Reasons to write a birth plan and how to write one.
What is a birth plan?
A birth plan is written as a communication tool between you and your care providers. Writing a birth plan will help you get to know your medical care providers and their philosophies or routines. The medical staff can become more familiar with any special needs or concerns you have during your stay if you write a birth plan.
Why write a birth plan?
Critics of birth planning say that you should never plan your own birth since it is too hard to predict. There are two problems if parents do not have a birth plan. One is that there are many details to think through and discuss with your birth team. It is very difficult to go through every issue, the pros and cons as well as alternatives in birth, while in the throes of labor.
The other is the problem of simply letting things happen without any planning. Would you simply “wing it” on your wedding day with no preparation? Not likely. Our wedding day is no less important and equally as stressful as birth. Not to mention there are unpredictable events at nearly every wedding. Planning your wedding well in advance can ease some of the stress for a new couple, just as writing a birth plan can make a birth experience a bit easier for everyone.
How to write a birth plan
The following is a list of topics often covered in birth plans as well as the options you may have.
1. Names of support people present for birth and their roles (Partner, Doula, Family)
2. Pertinent background information about you (Include health history, allergies, special needs, diets as well as cultural or religious preferences.)
3. Previous birth history (Describe previous birth(s) and relevant preferences as they relate to this birth.)
4. Preferences regarding labor environment (Things to include would be how you feel regarding visitors or students, lights, noise, etc.. Would you prefer dim lights, monitors turned down, etc?)
5. Preferred positions used during labor (List options you are interested in including walking, standing, side-lying, sitting on a birth ball, leaning over the top of the bed, all fours, etc.)
6. Preferences regarding positions for pushing and birth (List positions you would like to use during 2nd stage labor, including position for the birth of the baby. These include side-lying, all-fours, squatting, etc.)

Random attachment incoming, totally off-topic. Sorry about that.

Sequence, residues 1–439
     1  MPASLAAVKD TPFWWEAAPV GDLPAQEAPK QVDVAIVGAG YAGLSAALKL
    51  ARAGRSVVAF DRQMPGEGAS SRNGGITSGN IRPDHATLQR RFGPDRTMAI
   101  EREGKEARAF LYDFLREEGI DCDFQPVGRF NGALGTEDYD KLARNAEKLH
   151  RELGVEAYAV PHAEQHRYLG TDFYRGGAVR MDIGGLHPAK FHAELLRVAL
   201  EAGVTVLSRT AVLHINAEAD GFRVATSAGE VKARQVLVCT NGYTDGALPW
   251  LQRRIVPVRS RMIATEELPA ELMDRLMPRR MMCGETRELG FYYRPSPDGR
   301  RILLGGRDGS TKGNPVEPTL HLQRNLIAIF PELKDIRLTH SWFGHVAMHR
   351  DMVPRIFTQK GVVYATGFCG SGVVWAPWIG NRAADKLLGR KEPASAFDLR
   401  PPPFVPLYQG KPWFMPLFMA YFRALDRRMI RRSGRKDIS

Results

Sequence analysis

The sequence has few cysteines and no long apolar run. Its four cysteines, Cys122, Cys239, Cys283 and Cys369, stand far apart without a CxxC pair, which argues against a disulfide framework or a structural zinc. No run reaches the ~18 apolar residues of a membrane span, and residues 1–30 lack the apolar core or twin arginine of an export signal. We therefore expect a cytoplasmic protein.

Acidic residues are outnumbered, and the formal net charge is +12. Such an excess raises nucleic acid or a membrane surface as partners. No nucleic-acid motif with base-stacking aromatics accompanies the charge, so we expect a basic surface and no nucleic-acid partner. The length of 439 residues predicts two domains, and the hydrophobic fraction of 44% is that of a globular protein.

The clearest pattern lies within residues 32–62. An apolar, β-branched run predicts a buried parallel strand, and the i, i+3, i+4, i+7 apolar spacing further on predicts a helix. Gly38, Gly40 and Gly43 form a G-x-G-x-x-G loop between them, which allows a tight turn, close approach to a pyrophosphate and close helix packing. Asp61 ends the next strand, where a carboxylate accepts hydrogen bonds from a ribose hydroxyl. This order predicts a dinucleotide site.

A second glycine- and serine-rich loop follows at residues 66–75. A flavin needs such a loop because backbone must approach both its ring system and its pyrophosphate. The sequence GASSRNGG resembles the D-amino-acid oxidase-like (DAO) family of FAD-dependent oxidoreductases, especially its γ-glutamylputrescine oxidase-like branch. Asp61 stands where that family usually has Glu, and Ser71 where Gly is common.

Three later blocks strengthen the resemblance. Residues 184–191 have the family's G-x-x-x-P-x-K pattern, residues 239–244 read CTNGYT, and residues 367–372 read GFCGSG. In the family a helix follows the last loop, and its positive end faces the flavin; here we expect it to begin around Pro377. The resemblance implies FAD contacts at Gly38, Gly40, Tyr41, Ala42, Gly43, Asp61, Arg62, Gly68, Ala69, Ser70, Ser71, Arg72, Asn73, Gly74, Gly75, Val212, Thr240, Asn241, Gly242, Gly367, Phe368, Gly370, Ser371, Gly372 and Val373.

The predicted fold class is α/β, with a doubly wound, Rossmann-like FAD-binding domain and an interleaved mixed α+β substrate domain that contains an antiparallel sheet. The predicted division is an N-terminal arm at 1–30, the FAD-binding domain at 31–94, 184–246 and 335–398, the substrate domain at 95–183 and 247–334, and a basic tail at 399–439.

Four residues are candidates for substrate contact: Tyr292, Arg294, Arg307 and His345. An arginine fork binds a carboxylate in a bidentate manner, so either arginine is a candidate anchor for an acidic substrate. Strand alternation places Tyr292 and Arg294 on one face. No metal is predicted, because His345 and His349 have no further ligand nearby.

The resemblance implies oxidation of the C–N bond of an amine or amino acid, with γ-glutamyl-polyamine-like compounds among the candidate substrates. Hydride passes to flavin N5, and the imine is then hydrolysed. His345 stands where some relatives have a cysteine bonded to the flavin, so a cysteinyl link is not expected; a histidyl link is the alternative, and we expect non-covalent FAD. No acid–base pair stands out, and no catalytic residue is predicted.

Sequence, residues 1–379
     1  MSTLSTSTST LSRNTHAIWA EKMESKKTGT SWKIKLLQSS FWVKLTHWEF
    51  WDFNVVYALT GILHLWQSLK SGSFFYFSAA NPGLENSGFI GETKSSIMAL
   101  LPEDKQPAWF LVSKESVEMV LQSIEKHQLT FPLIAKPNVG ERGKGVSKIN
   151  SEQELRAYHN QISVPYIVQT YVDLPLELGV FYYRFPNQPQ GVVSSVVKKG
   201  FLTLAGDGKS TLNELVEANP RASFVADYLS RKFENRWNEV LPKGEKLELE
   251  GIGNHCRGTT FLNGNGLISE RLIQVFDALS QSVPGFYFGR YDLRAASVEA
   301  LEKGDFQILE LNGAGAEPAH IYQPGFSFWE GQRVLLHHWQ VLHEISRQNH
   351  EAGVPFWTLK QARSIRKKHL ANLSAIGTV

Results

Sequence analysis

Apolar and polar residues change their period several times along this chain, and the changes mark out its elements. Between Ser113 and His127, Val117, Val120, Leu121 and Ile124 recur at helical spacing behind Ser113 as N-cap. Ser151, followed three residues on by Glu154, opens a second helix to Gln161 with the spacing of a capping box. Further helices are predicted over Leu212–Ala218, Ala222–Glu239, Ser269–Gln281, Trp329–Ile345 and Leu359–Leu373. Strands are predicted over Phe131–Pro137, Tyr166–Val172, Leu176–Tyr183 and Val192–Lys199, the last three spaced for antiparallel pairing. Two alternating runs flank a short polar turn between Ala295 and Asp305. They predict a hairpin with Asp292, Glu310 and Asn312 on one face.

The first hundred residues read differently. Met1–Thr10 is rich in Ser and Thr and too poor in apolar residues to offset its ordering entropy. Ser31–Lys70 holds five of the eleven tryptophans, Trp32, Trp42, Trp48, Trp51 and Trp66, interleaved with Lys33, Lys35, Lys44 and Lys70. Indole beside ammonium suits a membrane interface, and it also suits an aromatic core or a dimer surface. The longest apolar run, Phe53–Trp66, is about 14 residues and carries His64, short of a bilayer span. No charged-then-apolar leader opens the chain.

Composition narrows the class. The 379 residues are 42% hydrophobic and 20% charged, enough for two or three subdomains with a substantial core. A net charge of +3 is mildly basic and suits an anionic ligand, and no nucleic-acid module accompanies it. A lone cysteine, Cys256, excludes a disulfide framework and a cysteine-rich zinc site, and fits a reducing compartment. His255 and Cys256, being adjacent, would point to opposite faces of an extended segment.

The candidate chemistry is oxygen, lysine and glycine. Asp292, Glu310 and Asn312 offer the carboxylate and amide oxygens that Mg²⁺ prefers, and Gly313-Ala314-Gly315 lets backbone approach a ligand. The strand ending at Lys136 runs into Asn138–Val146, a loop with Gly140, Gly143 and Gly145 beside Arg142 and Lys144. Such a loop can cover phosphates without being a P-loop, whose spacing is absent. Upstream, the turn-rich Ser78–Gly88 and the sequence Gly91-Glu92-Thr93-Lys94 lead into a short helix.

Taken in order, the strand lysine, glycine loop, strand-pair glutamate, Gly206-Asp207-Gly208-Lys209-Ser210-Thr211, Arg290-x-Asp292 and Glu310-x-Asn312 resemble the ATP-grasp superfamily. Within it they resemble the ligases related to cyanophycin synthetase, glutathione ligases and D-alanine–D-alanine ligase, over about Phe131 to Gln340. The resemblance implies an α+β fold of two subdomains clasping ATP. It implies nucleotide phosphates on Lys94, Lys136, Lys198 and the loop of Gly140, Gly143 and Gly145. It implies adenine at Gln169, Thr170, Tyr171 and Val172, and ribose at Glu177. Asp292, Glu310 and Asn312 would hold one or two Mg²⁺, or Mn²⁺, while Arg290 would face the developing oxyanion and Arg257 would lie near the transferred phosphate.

7. Type of non-pharmacologic pain relief methods requested (These could include massage, relaxation, breathing techniques, music, hot/cold packs, tub or shower, acupressure, aromatherapy, etc. See Pain Relief Techniques for Labor.)
8. Hydration and/or food requests (Would you like to eat and/or drink? See Eating during Labor. How do you feel about receiving IV fluids? Would you be open to a heparin lock?)
9. Type of pain medications interested in using (Includes epidural anesthesia and IV narcotics such as Stadol and Nubain. Read Natural Birth versus Medicated Birth.)
10. Preferences regarding fetal monitoring (Do you prefer dopplar, intermittent or continuous monitoring? Is a portable monitor (called telemetry) available?)
11. Preferences regarding use of pitocin (Under what circumstances would you agree to use pitocin and/or what natural methods would you like to try first if contractions/labor slows down (position changes, walking, showers, nipple stimulation, castor oil, herbs, pressure points)? Under what circumstances would you agree to an induction?)
12. Requests regarding episiotomy (Are you interested in avoiding an episiotomy and using perineal massage, warm compresses, giving birth in a non-supine position (off your back) with a slow birthing of the head?)
13. Type of anesthesia used during and after a cesarean (Request options for anesthesia such as epidurals, spinal and for post-operative pain medications.)
14. Requests with regard to timing or refusal of newborn procedures (These include such as eye ointment, bath, Vitamin K, Pku, circumcision, etc.)
15. Requests for timing of initiation of breastfeeding (Are you interested in nursing as soon as the baby shows signs of readiness?)
16. Preferences regarding use of formula, bottles or pacifiers while in the hospital (Most women who are interested in breastfeeding will not want the baby to to be exposed to nipples or breastmilk substitutes since they can cause nipple confusion and reduce the baby’s desire to nurse.)
17. Indicate your preference for length of stay in hospital/birth center (Some mothers will want to stay longer for help with nursing and care for baby while others will want to get home sooner to rest.)
18. Preference in the event of an unexpected outcome (Many parents include information about contingency plans should the baby require a longer stay or have special needs.)
Birth plans should be kept to one page if possible, shared with your Ob or midwife during prenatal visits and presented to the nurse upon admission to the hospital or birth center.
Remember to keep your birth plan positive, concise and flexible. When writing your birth plan, be sure to ask relevant questions of your primary provider as early in pregnancy as possible. A list of these questions can be found at Questions to ask your Provider.
Did you write a birth plan? Why or why not? Share your thoughts.
If you are struggling with how to write one, see this Sample Birth Plan.
See more ideas in Preparing for Birth.